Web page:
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Year : 2018  |  Volume : 21  |  Issue : 9  |  Page : 1213-1220

The effects of psychostimulants on oral health and saliva in children with attention deficit hyperactivity disorder: A case-control study

1 Department of Pediatric Dentistry, School of Dentistry, Pamukkale University, Denizli, Turkey
2 Department of Pediatric Dentistry, School of Dentistry, Süleyman Demirel University, Isparta, Turkey
3 Department of Child and Adolescent Psychiatry, School of Medicine, Süleyman Demirel University, Isparta, Turkey
4 Department of Medical Biochemistry, School of Medicine, Alanya Alaaddin Keykubat University, Antalya, Turkey

Correspondence Address:
Dr. C C Ertugrul
Department of Paediatric Dentistry, Pamukkale University, Faculty of Dentistry, Denizli
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Source of Support: None, Conflict of Interest: None

DOI: 10.4103/njcp.njcp_385_17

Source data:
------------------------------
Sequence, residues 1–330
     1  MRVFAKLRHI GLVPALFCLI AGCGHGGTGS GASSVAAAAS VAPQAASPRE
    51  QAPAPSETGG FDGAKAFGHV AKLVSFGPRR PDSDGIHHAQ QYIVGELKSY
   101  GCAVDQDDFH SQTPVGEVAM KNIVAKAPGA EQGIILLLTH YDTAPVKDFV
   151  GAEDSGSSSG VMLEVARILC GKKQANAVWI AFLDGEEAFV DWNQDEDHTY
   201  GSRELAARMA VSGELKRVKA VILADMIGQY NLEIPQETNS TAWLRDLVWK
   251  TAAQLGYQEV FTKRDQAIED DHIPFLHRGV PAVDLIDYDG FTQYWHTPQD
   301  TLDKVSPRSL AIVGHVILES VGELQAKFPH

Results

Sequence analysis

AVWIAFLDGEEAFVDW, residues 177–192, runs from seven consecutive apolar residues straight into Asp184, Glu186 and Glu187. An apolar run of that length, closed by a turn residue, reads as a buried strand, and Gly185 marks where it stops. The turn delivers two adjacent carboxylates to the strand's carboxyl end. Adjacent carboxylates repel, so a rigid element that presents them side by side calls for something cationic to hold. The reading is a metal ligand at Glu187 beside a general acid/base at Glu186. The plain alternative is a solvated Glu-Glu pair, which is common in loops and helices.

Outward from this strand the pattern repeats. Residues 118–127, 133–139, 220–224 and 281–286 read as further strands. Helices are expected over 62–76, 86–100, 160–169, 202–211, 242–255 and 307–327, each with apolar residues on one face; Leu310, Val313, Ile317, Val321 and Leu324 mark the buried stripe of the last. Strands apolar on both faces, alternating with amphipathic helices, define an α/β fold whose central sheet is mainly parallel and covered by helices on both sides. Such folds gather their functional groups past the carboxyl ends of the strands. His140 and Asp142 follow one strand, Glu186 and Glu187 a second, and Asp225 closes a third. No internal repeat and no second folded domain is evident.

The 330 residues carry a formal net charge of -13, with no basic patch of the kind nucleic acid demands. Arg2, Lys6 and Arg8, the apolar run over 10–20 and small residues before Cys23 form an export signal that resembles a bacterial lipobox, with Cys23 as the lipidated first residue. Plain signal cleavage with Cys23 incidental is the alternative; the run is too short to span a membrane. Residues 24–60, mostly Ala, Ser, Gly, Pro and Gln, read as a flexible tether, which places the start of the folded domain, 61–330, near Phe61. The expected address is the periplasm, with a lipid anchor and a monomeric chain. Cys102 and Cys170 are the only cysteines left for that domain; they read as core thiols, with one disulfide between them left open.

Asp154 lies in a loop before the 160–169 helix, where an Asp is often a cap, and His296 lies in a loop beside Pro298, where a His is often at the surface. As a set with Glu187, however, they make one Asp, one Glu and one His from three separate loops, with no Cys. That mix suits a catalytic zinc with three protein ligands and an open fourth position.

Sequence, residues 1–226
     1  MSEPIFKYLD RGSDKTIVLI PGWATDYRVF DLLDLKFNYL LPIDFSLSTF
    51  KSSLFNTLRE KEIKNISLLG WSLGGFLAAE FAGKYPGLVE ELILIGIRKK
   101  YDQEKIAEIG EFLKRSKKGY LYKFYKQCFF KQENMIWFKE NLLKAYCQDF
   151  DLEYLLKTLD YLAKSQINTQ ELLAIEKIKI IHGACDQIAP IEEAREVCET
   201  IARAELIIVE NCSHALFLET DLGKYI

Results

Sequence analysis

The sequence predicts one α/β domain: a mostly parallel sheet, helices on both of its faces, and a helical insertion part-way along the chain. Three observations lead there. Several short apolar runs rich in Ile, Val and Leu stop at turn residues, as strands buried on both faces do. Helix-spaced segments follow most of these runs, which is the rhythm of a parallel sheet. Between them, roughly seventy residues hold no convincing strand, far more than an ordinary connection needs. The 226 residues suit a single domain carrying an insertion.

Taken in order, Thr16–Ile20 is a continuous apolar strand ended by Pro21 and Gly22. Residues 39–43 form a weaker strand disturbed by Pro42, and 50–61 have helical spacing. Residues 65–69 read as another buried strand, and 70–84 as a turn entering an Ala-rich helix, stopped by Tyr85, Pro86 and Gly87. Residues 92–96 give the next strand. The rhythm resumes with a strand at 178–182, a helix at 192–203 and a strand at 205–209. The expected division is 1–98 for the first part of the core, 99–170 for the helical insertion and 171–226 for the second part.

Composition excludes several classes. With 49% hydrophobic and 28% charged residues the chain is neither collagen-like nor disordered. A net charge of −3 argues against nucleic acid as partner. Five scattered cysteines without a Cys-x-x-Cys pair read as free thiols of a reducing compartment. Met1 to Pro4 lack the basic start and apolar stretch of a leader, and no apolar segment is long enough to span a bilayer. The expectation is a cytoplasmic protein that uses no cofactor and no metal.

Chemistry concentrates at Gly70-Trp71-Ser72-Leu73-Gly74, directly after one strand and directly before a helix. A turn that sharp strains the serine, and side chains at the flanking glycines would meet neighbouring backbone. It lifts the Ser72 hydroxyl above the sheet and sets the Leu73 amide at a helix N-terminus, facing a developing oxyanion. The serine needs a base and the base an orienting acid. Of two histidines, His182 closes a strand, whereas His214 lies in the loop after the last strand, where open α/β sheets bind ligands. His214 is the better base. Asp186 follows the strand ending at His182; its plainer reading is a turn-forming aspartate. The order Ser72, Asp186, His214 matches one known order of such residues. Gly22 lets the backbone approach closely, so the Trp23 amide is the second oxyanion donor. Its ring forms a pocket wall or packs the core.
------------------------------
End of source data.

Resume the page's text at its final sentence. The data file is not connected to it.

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Introduction: This study investigated the dental health problems and saliva characteristics of children under psychostimulant therapy for attention-deficit hyperactivity disorder (ADHD). Materials and Methods: One hundred and twenty children aged 7–12 years were divided into three groups. Groups 1–2 comprised children diagnosed with ADHD: those who had not yet started psychostimulant therapy (Group 1) and those already receiving long-term psychostimulant therapy (Group 2). Group 3 comprised healthy, nonmedicated children. Possible side effects of psychostimulants were investigated at the beginning of study in Group 2 and after 3 months drug use in Group 1. Bruxism and dental erosion prevalence, salivary Streptococcus mutans count, buffering capacity, and stimulated salivary flow rate (SSFR) were measured, and salivary α-amylase, calcium, total protein, and proline-rich acidic protein (PRAP) levels were quantified in the beginning of the study. Data were analyzed using the Kruskal–Wallis test. Results: The most frequently reported side effects of psychostimulants were decreased appetite, dry mouth, and increased fluid consumption. The prevalence of bruxism and dental erosion was higher in Groups 1 and 2 than in Group 3, but the differences were not significant (P > 0.05). In Group 2, subjective dry mouth feel was reported by 32.5% of patients and 17.5% had a very low SSFR. Salivary α-amylase, calcium, total protein, and PRAP levels were lower in Group 2 than the others, but the differences were not significant (P > 0.05). Conclusions: ADHD and psychostimulant therapy do not appear to be significantly related to decreasing SSFR or protective saliva components against dental caries. However, a systematic investigation of the long-term safety of psychostimulants is needed. The most effective method of maintaining dental health of children with ADHD is frequent appointments focusing on oral hygiene practices accompanied by dietary analyses.

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